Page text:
Show business value, not standard IT department metrics

While attending the ITSMF conference in Norway on 3-5 March 2015, I had the opportunity to listen to the key note, Rae Ann Bruno. While her entire presentation was fascinating, she really got to me when she talked about the real business purpose of the IT-department, especially the gap between what they report to the business and what is useful information.

show-business-value-not-standard-statisticsIs this familiar within your IT-department?

IT-departments usually report a lot of metrics, such as network and systems uptime, IT man hours spent on projects, first contact resolution (FCR), mean time to resolution and many more. But are these metrics useful?  Do these numbers really show the value to the organization? Are these reports truly promoting the value of services or the quality of the customer experience?

Ray Ann talked about the importance of not showing metrics that are focused on IT, but instead shifting to those that are of importance to the business. After all, IT is all about making sure people can work, not just technology.

Start asking the business questions

So, where do you start? What does the business want to know? You can begin by asking your stakeholders what information they need, and by asking your customers how you can make their job easier. Find out how your services save them time, and ask where the efficiencies are, as well as areas for improvement. Look at job rotation is an opportunity to learn more about the customer’s situation and ask business management how you can support their overall goals and strategies, such as sales and cost savings. Finally, make sure you benchmark the metrics, and also reach out to get ideas from other IT-departments.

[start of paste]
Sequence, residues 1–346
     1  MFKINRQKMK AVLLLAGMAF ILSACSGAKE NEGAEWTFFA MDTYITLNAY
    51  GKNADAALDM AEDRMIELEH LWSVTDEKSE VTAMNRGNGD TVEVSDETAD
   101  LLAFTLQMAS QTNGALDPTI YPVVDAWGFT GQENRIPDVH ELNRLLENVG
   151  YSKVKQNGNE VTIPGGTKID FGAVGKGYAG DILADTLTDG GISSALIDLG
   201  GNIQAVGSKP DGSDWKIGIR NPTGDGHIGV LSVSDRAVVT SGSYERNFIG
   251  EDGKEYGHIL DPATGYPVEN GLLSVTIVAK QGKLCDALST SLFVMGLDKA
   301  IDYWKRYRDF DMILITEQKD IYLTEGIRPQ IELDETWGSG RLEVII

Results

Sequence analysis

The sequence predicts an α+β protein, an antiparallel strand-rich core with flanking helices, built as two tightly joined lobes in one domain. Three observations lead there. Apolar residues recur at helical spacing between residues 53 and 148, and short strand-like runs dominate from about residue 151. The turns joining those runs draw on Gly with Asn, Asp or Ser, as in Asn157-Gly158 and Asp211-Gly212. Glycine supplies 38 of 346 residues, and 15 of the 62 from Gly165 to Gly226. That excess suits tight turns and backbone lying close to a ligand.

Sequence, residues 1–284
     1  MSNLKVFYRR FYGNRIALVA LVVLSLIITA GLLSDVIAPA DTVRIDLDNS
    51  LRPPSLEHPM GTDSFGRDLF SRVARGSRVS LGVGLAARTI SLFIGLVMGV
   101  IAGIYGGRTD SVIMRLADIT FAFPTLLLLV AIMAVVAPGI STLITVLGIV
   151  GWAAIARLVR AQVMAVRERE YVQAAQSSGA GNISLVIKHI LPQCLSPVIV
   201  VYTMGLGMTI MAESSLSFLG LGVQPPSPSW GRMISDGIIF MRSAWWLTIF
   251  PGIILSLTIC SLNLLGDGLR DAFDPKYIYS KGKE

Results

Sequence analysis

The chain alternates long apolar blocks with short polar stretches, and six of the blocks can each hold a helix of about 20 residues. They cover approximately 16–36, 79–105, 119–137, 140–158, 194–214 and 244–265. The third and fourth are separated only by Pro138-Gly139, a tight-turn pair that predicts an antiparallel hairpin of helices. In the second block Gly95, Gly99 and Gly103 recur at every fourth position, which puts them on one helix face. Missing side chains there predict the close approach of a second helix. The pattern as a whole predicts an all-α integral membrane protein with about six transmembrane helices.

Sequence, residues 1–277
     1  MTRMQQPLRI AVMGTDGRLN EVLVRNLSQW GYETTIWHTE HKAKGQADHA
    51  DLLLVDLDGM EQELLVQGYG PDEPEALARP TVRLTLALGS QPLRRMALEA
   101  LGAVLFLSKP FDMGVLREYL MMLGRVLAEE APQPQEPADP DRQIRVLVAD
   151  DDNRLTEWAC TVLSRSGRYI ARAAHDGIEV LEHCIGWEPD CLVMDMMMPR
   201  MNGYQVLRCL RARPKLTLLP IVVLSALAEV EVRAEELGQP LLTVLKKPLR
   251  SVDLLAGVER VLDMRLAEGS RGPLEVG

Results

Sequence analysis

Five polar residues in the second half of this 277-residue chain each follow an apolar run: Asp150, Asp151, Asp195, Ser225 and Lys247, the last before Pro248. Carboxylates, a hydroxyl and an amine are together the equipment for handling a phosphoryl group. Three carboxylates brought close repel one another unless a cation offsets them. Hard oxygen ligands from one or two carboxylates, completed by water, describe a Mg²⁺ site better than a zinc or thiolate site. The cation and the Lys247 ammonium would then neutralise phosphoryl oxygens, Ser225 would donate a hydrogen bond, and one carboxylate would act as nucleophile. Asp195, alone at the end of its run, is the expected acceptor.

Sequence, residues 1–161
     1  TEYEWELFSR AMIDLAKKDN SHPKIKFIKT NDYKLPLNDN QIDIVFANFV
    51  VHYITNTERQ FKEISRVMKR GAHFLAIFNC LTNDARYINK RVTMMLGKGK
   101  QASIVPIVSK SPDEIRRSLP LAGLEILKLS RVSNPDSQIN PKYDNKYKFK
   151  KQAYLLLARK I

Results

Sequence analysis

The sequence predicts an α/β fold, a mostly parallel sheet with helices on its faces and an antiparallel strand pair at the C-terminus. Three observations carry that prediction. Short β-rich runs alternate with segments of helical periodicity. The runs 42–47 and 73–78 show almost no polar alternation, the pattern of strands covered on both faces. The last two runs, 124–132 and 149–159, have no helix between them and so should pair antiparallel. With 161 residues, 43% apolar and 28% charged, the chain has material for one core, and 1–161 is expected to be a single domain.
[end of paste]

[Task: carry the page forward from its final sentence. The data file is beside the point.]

Show business value

The next step is to review what reports you have today, focusing on the ones that meet the business needs. Those are ones you can start promoting today, while you build out the reports you need to add in order to fill in the gaps. Show trends and what is getting better, while acknowledging there are still areas of improvement, and what you are doing to address them. Talk about issues you have minimized: In customer terms, show how much you have reduced business disruptions. Don’t forget, the metrics should evolve and change as you and the IT department mature. Some examples are:

  • Cite specific business projects and tasks that your team facilitates completing?
  • Quantify the amount of time your team has helped the business save?
  • Measure productivity gains facilitated by your team?
  • Show cost savings or an increase in profits or customer retention?

IT gets more fun

When business value is shown, IT becomes more fun. The business will see and value the good work coming from IT, and complaints will go down (even though there are things that are still not working perfectly). The IT department will not only see the great metrics, but will also feel the success and will not have to work long hours by making the business happy. The result is IT and the business, working together towards the same goal.

Do you recognize these challenges, about the gap between what IT reports to the business and what the business really want to know? Please make your comment.

If you want some additional reading, I recommend downloading the white paper Resolve more support cases with a clear self-service strategy.

Therese Walve, Marketing Manager, ComAround

Related links:

Knowledge is an asset owned by the team

Self service isn’t nice to have it is an expectation

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